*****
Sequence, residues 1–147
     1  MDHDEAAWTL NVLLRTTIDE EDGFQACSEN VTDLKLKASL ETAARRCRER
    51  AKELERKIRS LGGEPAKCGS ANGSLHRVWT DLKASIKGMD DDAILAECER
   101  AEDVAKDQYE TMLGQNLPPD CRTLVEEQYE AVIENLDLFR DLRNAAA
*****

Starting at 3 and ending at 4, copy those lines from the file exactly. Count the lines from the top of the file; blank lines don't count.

    51  AKELERKIRS LGGEPAKCGS ANGSLHRVWT DLKASIKGMD DDAILAECER
   101  AEDVAKDQYE TMLGQNLPPD CRTLVEEQYE AVIENLDLFR DLRNAAA